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This article was published 7/6/2011 (3027 days ago), so information in it may no longer be current.
The province is creating a special court for people with mental illnesses who commit non-violent crimes.
The mental-health court will begin hearing cases in Winnipeg this winter, Justice Minister Andrew Swan said Tuesday.
"By diverting people with mental illness from jails into treatment, we will reduce reoffence rates," he said.
The mental-health court will operate similarly to the Winnipeg drug-treatment court, a "problem-solving court" established a few years ago that attempts to break the cycle of drug use, criminal behaviour and jail for drug-addicted offenders, Swan said.
The NDP government has talked about establishing a mental-health court for at least seven years. Such courts are already well-established in Ontario and British Columbia.
Provincial court Judge John Guy, who has presided over the drug-treatment court, will be in charge of getting the mental-health court off the ground.
He will be assisted by a small team, including a psychiatrist and community health worker, that will do assessments and develop service and treatment plans. The province will provide $600,000 a year to fund it.
"We're all going to put our heads together, the legal and the mental health (personnel), to come up with what's best for (a) particular person," Guy said Tuesday.
Professionals in the mental-health field have long decried the current system, in which people with mental illnesses have come repeatedly before the courts simply because they've lacked treatment.
It's estimated that 30 per cent of those who are incarcerated have significant mental health issues.
Nicole Chammartin, executive director of the Winnipeg region of the Canadian Mental Health Association, said they have been calling for such a court for years.
"Being incarcerated without proper treatment greatly increases the chances of reincarceration at a later date," she said.
What's more, many people who finally do receive treatment after years of dealing with the court system find their road to employment blocked by a criminal record, she said. That stain could be avoided in many cases through a mental health court.
Crown attorneys will decide who should be diverted into the new court on the advice of mental-health professionals and in consultation with defence lawyers. Police officers and health staff at the Winnipeg Remand Centre may also flag people who should be diverted to the new court.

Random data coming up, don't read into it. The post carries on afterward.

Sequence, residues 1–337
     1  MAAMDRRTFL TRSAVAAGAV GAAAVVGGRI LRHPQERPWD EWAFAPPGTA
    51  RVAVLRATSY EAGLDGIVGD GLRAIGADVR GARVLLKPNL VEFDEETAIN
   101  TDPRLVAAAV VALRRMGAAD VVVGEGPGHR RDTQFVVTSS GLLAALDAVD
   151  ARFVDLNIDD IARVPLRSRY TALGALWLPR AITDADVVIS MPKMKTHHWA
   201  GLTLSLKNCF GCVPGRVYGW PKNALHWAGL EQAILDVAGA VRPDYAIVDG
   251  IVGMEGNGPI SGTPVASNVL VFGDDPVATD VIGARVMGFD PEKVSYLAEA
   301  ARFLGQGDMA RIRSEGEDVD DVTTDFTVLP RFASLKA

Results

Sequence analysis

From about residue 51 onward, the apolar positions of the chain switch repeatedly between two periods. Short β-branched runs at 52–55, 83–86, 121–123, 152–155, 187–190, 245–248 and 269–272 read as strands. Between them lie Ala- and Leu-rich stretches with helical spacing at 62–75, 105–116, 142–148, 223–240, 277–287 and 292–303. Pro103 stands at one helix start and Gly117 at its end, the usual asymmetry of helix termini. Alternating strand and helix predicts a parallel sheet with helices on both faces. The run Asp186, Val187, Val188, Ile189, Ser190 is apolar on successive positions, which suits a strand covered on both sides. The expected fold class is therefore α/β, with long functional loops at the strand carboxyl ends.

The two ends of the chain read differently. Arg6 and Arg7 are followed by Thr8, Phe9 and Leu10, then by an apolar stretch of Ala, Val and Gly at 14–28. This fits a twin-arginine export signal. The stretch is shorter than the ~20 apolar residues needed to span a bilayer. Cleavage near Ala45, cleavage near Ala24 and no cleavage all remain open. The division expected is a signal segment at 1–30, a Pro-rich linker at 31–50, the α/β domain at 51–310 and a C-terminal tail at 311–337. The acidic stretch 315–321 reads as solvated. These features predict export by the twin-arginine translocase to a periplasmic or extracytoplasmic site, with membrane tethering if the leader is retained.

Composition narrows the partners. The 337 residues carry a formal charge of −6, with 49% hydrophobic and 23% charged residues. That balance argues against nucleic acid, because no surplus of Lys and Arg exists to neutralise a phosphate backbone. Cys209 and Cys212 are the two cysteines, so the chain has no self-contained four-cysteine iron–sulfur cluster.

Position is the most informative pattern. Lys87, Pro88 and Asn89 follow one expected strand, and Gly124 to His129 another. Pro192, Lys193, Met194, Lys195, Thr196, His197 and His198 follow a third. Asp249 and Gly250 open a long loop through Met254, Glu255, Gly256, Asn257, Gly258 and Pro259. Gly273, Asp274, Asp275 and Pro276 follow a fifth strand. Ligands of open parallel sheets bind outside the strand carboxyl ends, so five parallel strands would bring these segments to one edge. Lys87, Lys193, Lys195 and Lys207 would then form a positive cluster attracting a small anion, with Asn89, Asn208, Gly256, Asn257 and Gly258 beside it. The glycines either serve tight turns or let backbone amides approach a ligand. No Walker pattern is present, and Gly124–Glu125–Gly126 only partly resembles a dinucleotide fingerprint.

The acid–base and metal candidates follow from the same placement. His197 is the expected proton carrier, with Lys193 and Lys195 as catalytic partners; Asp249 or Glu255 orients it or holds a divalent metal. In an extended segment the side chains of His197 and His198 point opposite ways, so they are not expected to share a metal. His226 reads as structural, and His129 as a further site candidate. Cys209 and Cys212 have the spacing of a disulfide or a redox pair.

Stanley Yaren, a forensic scientist at Health Sciences Centre, said in many cases, people diverted into treatment will be making a more onerous commitment than those who go through the normal court system. But the results will be better for both themselves and society, he said.
"I think the potential for abuse is really very limited," he said in reply to media questions at the announcement.
A depression sufferer who has had run-ins with the justice system said he believes the new court will be a great help for people such as himself.
"It would benefit a person in a situation like I'm in," he said.
Jeremy, who preferred that his last name not be used, said his mental illness, combined with a physical disability and bouts of homelessness, created special problems exacerbated by the traditional court system.
Focus on treatment
Why have a mental-health court?
To treat people with mental illnesses rather than simply putting them behind bars. The court would deal with cases in which people are charged with relatively minor, non-violent offences.
What are some examples?
A very aggressive panhandler who causes grief for people in front of a store or at a bus stop. Someone who causes a disturbance by screaming obscenities in public. A person who starts throwing beer bottles in a bar because he thinks somebody is attacking him.
Who makes the call?
A Crown attorney will play gatekeeper, deciding which cases are diverted to such a court. Arresting police officers, Winnipeg Remand Centre staff and defence counsel may also alert authorities of candidates.
What happens then?
The court works hand-in-hand with mental-health professionals and counsellors to help offenders deal with their problems. A special team, with $600,000 a year in new funding, will help direct the process. The team will include a psychiatrist, a community mental-health worker and a handful of others.
Larry Kusch didn’t know what he wanted to do with his life until he attended a high school newspaper editor’s workshop in Regina in the summer of 1969 and listened to a university student speak glowingly about the journalism program at Carleton University in Ottawa.